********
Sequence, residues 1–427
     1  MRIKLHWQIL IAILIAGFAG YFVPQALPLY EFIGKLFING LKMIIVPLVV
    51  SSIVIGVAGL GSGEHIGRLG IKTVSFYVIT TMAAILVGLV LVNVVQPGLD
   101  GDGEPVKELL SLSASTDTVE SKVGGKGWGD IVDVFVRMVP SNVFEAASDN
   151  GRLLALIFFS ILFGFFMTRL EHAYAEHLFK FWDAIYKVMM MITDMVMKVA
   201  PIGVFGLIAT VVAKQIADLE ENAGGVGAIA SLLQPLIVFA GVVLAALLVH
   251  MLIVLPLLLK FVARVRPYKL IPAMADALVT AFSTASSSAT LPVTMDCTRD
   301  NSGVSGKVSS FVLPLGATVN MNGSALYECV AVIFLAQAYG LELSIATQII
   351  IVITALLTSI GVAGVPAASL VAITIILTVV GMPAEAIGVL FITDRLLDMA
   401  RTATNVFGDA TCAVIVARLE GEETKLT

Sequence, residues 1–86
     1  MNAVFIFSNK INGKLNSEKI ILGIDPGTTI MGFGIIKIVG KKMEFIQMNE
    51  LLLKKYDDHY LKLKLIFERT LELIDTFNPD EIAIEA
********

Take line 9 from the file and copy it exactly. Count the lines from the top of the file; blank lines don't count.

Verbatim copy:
   351  IVITALLTSI GVAGVPAASL VAITIILTVV GMPAEAIGVL FITDRLLDMA